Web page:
- - Tuesday, September 22, 2020

Donald Trump, who is president at least until noon on Jan. 20, 2021, had the audacity to declare that he would fill the vacant Supreme Court seat — just as the U.S. Constitution directs him to do.

Democrats were apoplectic and quickly vented their sanctimonious outrage. How dare the president fulfill his constitutional duty?! WE want to fill that seat (provided we take over the Senate and the White House first), they whined.

As precedent, liberals cited 2016, when Justice Antonin Scalia died and then-President Barack Obama, a Democrat, nominated liberal Judge Merrick Garland for the seat. Then, as now, Republicans controlled the Senate. So they simply said “nuh-uh.”

But Senate Majority Leader Mitch McConnell went further, saying that the upcoming election (236 days away) meant that the whole matter should be delayed (not so secretly hoping that a Republican would hold the White House by then).

“The American people should have a voice in the selection of their next Supreme Court Justice. Therefore, this vacancy should not be filled until we have a new president,” Mr. McConnell said.



And that act, supposedly, set the precedent by which all upright citizen senators should now live.

Of course, it didn’t — and it shouldn’t. The faux outrage by the Democrats now is belied by their aggressive declarations back in 2016 that Mr. Obama had every right to nominate a high court justice. Here are a few examples.

Eleven days after Scalia’s death, Mr. Obama declared: “The Constitution vests in the president the power to appoint judges to the Supreme Court. It’s a duty that I take seriously, and one that I will fulfill in the weeks ahead.”

That is 100% correct.

“It’s also one of the most important decisions that a president will make. Rulings handed down by the Supreme Court directly affect our economy, our security, our rights, and our daily lives,” the president said.

Spot on, again.

Then there was Vice President Joseph R. Biden.

“The president has the constitutional duty to nominate; the Senate has the constitutional obligation to provide advice and consent,” Mr. Biden wrote in a New York Times op-ed in 2016.

“It is written plainly in the Constitution that both presidents and senators swear an oath to uphold and defend,” he wrote. “That’s why I was so surprised and saddened to see Republican leaders tell President Obama and me that they would not even consider a Supreme Court nominee this year. No meetings. No hearings. No votes. Nothing. It is an unprecedented act of obstruction. And it risks a stain on the legacy of all those complicit in carrying out this plan.”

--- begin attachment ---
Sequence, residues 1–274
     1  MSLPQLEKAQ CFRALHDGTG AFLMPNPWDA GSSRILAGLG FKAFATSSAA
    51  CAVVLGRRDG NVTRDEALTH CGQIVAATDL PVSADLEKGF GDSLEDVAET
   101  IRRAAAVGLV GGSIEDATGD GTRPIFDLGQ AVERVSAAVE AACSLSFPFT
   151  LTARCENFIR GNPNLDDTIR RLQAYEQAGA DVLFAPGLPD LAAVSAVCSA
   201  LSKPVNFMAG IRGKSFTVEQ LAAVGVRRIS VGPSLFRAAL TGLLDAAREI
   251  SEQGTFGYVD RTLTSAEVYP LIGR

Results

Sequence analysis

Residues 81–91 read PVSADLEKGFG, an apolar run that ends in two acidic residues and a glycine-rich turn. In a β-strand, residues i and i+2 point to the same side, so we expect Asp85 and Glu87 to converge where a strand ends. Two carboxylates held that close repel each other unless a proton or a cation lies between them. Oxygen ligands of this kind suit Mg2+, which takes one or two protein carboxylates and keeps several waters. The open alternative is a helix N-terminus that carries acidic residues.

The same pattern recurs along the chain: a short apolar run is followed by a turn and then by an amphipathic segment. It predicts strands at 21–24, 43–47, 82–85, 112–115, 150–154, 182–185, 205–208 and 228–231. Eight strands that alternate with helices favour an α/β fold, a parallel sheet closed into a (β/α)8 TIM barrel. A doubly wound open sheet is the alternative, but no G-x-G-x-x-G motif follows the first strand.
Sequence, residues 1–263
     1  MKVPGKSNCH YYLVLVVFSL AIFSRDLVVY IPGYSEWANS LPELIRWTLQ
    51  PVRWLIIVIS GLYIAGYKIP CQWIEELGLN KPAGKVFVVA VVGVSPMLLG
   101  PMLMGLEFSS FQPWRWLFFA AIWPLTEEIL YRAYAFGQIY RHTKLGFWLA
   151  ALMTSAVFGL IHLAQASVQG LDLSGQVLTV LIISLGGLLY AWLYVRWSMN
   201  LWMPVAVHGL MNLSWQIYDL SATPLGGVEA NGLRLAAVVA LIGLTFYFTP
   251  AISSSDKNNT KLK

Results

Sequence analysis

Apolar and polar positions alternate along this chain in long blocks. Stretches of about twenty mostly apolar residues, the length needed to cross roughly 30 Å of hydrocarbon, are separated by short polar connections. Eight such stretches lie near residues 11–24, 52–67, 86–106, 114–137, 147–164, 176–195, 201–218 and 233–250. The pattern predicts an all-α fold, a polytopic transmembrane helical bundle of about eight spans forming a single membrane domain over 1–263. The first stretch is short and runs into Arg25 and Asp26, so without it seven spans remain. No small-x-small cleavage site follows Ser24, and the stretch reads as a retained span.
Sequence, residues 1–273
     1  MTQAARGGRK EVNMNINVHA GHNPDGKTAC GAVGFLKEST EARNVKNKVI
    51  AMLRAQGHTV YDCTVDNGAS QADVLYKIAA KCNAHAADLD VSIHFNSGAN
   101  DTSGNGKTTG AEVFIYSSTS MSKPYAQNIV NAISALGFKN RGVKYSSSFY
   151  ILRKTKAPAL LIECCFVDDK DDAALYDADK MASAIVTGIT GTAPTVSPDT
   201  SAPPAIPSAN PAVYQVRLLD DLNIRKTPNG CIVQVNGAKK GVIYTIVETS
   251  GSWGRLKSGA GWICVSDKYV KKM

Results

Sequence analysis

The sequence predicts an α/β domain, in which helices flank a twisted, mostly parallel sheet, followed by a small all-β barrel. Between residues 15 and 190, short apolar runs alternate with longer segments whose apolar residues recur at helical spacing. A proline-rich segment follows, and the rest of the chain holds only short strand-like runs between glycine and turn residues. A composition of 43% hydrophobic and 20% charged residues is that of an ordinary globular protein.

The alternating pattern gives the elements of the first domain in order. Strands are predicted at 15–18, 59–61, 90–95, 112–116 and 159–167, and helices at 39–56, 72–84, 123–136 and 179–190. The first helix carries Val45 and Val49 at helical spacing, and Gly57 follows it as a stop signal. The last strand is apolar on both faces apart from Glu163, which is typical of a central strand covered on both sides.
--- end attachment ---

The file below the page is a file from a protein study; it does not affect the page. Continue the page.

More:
In a later speech at Georgetown University, Mr. Biden also said: “I would go forward with a confirmation process as chairman, even a few months before a presidential election.”

Mr. Biden has made a 180-degree turn with the death of Justice Ginsburg, writing on Twitter on Friday: “Let me be clear: The voters should pick a president, and that president should select a successor to Justice Ginsburg.”

Mr. Obama has flipped, too.

“Four and a half years ago, when Republicans refused to hold a hearing or an up-or-down vote on Merrick Garland, they invented the principle that the Senate shouldn’t fill an open seat on the Supreme Court before a new president was sworn in,” he wrote in a statement.

Then there’s Justice Ruth Bader Ginsburg, who died of cancer on Friday.

She said in 2016 that there is “nothing in the Constitution” that prevents a president from filling a vacant seat on the high court in his final year in office. Her words came after Scalia passed away and Mr. McConnell refused to bring up the nomination.

“Asked if the Senate had an obligation to assess Judge Garland’s qualifications, her answer was immediate,” The New York Times reported in July 2016.

“That’s their job,” she told the paper. “There’s nothing in the Constitution that says the president stops being president in his last year.”

So, if you’re keeping score at home, Mr. Obama and Mr. Biden and Justice Ginsburg ALL declared that the president has the right — even the duty — to nominate a prospective justice.

Let’s be even more clear: If Democrats controlled the Senate, they would’ve rammed through a replacement for Scalia.

And (to be crystal clear) it would’ve been their right. They held the White House, they controlled the Senate, and the Constitution spells it all out. Politics ain’t beanbag, and elections have consequences.

The phony outrage from Democrats has been hilarious to watch. And liberals will continue to decry the fact that Mr. Trump wants to seat a Supreme Court justice — right up to the moment that Mr. Trump seats a Supreme Court justice.

Joseph Curl covered the White House and politics for a decade for The Washington Times. He can be reached at josephcurl@gmail.com and on Twitter @josephcurl.

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